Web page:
The Beauty of Road Trips, Part 2: Fuji Times Five
As a follow up to my last post, I wanted to put up the rest of the pictures from my one-week Golden Week vacation. From May 3rd-5th Kanako and I drove out to see Mt. Fuji – climbing will wait until it’s warmer, probably early July! Still, Mt. Fuji is definitely worth seeing up close. This was my second trip (I took one with Steve last year in March), and as always I was reminded why the Japanese believe that dieties (Shinto) reside inside natural formations like mountains and rivers.
If you’ve never seen Mt. Fuji up close, it’s pretty staggering. It’s not a particularly tall mountain when compared with the world’s tallest, but its beauty lies in its almost perfect symmetry, no matter what angle you view it from. There are times when you round a bend or it is hidden by a small hill and then…BAM it comes slamming into your view, dominating the horizon. This year it was still very snow-capped, even for early May. A nice touch in the photos.
I didn’t take any photos on the first day as we spent most of the day driving out to Fuji, and stuck in traffic along the way. The second day I only took 9 pictures altogether (!) but the five I do have of Fuji form a good variety of angles and colors, themes and compositions. We went to a number of different spots from all angles (except south), including Motosuko, Kawaguchiko, Yamanako, and the Shibazakura Matsuri Park by Motosuko (it may have acutally been in Yamanashi prefecture, the border is close to that area). Here are my “Five from Fuji”:
Sunrise at Fumotoppara (ふもとっぱら, “plain at the foot of the mt”). Lots of families out for camping trips
Taken at the Shibazakura (芝桜、”Cherry Blossom Grass”) park in Shizuoka. So called because the petals resemble sakura petals. Comes in a nice variety of colors!
Taken on the road to the Shibazakura park, at a spot where you could see Fuji fronted by poles and poles of Koi-Nobori (鯉のぼり、Carp flags for Chilrden’s Day). The slight breeze made for a nice photo, though I wish I’d had a longer lens!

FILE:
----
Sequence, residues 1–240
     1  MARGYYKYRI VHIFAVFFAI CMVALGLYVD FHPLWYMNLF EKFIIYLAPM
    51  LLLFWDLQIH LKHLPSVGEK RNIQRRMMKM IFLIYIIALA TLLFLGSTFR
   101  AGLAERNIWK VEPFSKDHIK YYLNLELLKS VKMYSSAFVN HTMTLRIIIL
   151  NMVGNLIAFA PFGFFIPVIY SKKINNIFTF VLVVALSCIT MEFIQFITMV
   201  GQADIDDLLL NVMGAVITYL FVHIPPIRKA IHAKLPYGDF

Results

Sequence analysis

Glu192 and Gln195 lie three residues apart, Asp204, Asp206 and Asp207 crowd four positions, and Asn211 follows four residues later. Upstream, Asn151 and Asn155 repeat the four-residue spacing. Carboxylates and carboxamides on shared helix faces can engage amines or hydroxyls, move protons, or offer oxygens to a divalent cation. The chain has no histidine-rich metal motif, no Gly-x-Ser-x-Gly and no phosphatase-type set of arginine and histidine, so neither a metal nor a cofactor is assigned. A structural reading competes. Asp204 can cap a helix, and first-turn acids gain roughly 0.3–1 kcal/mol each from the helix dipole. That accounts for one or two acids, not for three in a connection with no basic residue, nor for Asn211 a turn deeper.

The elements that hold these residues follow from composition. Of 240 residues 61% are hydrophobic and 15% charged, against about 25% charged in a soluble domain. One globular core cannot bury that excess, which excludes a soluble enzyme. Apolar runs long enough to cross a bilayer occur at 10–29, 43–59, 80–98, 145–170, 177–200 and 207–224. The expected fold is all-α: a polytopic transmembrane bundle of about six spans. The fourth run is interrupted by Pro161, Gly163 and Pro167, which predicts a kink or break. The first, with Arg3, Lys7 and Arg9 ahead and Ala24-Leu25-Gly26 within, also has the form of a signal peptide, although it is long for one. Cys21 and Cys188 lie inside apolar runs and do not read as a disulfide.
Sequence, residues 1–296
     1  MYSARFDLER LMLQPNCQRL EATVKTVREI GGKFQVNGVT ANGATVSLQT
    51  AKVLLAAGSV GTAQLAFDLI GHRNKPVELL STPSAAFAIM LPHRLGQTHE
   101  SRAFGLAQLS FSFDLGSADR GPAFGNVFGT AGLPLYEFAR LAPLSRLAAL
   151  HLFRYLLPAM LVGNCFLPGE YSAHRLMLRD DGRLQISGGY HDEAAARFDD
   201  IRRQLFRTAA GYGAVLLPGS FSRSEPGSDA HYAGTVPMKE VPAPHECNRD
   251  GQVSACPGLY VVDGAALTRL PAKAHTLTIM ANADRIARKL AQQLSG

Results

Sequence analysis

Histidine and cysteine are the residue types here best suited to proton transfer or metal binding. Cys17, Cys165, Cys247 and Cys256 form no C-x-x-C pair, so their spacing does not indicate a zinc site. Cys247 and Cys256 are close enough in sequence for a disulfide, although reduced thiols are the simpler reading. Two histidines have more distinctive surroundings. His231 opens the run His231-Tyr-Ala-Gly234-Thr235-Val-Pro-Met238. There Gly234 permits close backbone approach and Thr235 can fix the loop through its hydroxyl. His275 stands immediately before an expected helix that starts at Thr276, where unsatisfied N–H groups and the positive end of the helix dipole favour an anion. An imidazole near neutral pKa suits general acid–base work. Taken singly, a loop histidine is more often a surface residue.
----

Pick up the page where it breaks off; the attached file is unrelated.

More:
Ah yes, the glamour shot of the trip 🙂 Sunset on Lake Yamanako (山名湖). Having the sun not in the picture actually made the colors stand out more and probably saved me from flaring. Sometimes you have to take what you’re given and work with it!
And the same shot but about 20 minutes later. The lights had come on in the buildings across the lake, and a long exposure helped to create some movement in the water.
The rest of the pics that I took on the second and third day.
From the Shibazakura park on Day 2:
On the third day we stopped for lunch with Kanako’s friend Hiromi (and her adorable baby Miki) in Hamamatsu and hit up the Hamamatsu bontanical garden in the afternoon. Took some pics at a festival going on before lunch.
Clockwise from left: Fair trade coffee, colorful items for sale, mochi-maki, kaki-gori (かき氷、shaved ice)
Another shot of mochi-maki (餅まき、mochi tossing). It’s like a mosh pit out there – serious stuff!
At lunch (Indian restaurant):
Miki eating nan.
Mom and daughter
Group shot at the apartment
Miki with “Nyanpaia” (ニャンパイア)
That’s it! Next posts will be coming as I’ve been planting rice and climbing mountains in the last week, but for now, hope you enjoyed all the pictures and stories!
I ran into a couple of fellow Canon shooters on the hike yesterday, one of which was sporting a 7D with the 10-22 – I took a group photo for him, and the 7D definitely feels nice and solid in the hands. I know I held yours when you were over, but I’d forgotten how well-balanced it is!
Btw, just to make your decision even more difficult, the 10-22 looks AWESOME through the 7D viewfinder… so freaking wide.
Dude I know. That’s why I want it so bad 😀 Choices choices…Though I’ll probably be sticking with my 20-35 for a while; can always spend the money in areas more in need of service. I don’t even take landscapes with my 7D anyway! What a crazy thing to say hahaha.